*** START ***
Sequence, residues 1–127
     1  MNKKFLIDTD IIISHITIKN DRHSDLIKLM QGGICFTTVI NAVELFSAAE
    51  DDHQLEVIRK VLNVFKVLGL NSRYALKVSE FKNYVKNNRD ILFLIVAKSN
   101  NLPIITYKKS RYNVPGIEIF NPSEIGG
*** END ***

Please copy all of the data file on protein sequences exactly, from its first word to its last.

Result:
Sequence, residues 1–127
     1  MNKKFLIDTD IIISHITIKN DRHSDLIKLM QGGICFTTVI NAVELFSAAE
    51  DDHQLEVIRK VLNVFKVLGL NSRYALKVSE FKNYVKNNRD ILFLIVAKSN
   101  NLPIITYKKS RYNVPGIEIF NPSEIGG